I love risotto so much. It’s delicious and comforting, a bowl of warm happiness. It’s also very versatile, there are so many options for flavors and it can be paired with nearly any proteins or vegetables. Creamy tomato risotto has to be at the top of my risotto favorites list. It’s so rich and flavorful, and it’s perfect topped with whipped ricotta.
- Medium-grain rice – Either Arborio or Carnaroli are perfect choices for risotto.
- Tomato paste – If you’re like me, you use tomato paste in small doses fairly often. Buying the tubes instead of cans really cuts down on waste.
- White wine – Wine adds great flavor and acidity to the finished dish. I like to use either Saugivnon Blanc or Pino Grigio. I generally avoid Chardonnay because it’s a bit more tannic when it’s aged in oak barrels. If you cannot, or prefer to avoid, cooking with alcohol, you can substitute additional chicken or vegetable stock.
- Parmigiano-Reggiano – Freshly grated parmigiano adds so much flavor and richness to the risotto. Substitute Grana Padano or Pecorino Romano if you prefer.
- Ricotta – Whipped and seasoned, this is the perfect garnish to balance the tomato flavor in the risotto.
Why does the type of rice matter? – Different varieties of rice have different uses, mostly due to their starch content. Traditional American long-grain rice cooks up nice and fluffy, with separate grains because it has a relatively low starch content. Sushi rice, on the other hand, is a short-grain rice with a very high starch content. That’s why it can be molded into rolls and holds it shape, and also does a very good job of holding all of the other components together. Medium grain rices used for risotto, like Arborio, are in between the other two. They have a good amount of starch, and enough to create the saucy liquid that surrounds the rice in risotto, but not so much that you could build things out of it.
What’s with all the stirring? – Risotto has to be stirred. A lot. Maybe not constantly, but nearly so. The reason for this is that traditional risotto’s hallmark is a creamy sauce-like texture that is made without additions of milk or cream. In order to get that to happen, you need the rice grains to release a lot of their starch. This happens best when it is moved around in the pot.
What is “Mantecare?” – This is an Italian term, and there’s no good English translation. We often say that we are going to “mount” a dish with butter and/or cheese to finish it off. It’s close, but it’s not exact. In addition to adding butter and cheese, mantecare also involves stirring vigorously. You are looking to really agitate the rice grains into giving up more starch into the surrounding liquid in order to perfect the texture of the finished risotto. Yes, we’re back to starch and stirring again. They’re pretty much the whole deal when it comes to risotto.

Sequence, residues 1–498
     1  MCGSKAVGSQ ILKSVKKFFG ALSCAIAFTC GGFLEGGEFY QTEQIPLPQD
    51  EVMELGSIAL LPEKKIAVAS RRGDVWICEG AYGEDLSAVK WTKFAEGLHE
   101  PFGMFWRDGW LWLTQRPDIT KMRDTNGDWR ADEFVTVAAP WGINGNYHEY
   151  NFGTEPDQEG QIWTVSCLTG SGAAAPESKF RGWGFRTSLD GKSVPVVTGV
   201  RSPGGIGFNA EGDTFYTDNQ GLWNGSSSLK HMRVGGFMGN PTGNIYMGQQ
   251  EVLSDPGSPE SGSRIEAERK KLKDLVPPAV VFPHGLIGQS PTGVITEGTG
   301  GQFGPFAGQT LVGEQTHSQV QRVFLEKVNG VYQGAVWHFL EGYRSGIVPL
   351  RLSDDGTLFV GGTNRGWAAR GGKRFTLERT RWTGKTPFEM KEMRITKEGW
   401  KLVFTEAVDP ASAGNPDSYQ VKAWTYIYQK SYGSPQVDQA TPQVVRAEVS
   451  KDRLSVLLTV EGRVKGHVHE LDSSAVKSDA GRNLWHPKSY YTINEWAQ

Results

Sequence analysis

What to Serve with Creamy Tomato Risotto
- Grilled Chicken
- Steak Tips
- Italian Sausage
- Grilled Pork Tenderloin
- Sauteed Vegetables
- Grilled Portobello Mushrooms
Creamy Tomato Risotto with Whipped RicottaCourse: DinnerCuisine: Italian
Rich and delicious Tomato Risotto, topped with whipped ricotta cheese
2 1/2 cups tomato sauce
5 cups chicken or vegetable stock
2 tbsp olive oil
1/2 cup diced onion
2 cups Arborio or Carnaroli rice
1 tbsp tomato paste
1/2 cup white wine
2 1/2 tsp Italian seasoning, divided
2 tbsp butter
1/2 cup cream (light or heavy is fine), or to taste
1/2 cup grated Parmigiano Reggiano cheese
8 ounces ricotta cheese
salt and pepper, to taste
- Simmer the tomato sauce and stock together in a stock pot. Add salt to taste. It should be a little under-salted, as you will be adding salt in stages.
- In a large skillet or Dutch oven (you’re looking for a wide bottom), saute the diced onion in olive oil until softened and translucent.
- Add the rice to the skillet and saute for 2-3 minutes, until the rice is coated in the oil and the outer edges of the grains start to get translucent.
- Add in the tomato paste and 2 tsp of Italian seasoning. Cook for another 2-3 minutes, until the tomato paste begins to darken. You’ll know you’re there when you can smell rich, toasted tomato.
- Add wine to the skillet, and stir to deglaze any tasty brown bits from the bottom of the pan. Cook until the wine is evaporated, stirring frequently so that the rice doesn’t scorch.
- Ladle in the simmering tomato and stock liquid, stirring consistently. Add liquid one ladle at a time, cooking until it’s nearly all absorbed before adding more.
- Continue to cook, 20-25 minutes, stirring frequently if not constantly, until the rice is completely cooked.
- Mantecare – Add butter, cream, and parmigiano cheese. Stir vigorously until the butter and cheese melt, and the rice is enveloped in a creamy sauce from the starches, broth and dairy additions. Taste and adjust seasoning.
- In a food processor, combine ricotta cheese, remaining 1/2 tsp of Italian seasoning, salt and pepper, and blend for 30-60 seconds until whipped and smooth.
- Serve risotto with spoonfuls of whipped ricotta and additional grated parmigiano reggiano.
- Feel free to substitute additional chicken or vegetable stock for the white wine if you cannot or prefer to avoid cooking with alcohol.
- Risotto doesn’t freeze well, and is best eaten when made fresh. If you need to reheat, add a bit of stock when heating in order to avoid drying out the rice.
Let me know if you tried this recipe! Leave a comment with your thoughts, or with any questions. I love to see how your dishes turn out, tag me at @jessiescozykitchen and hashtag #jessiescozykitchen!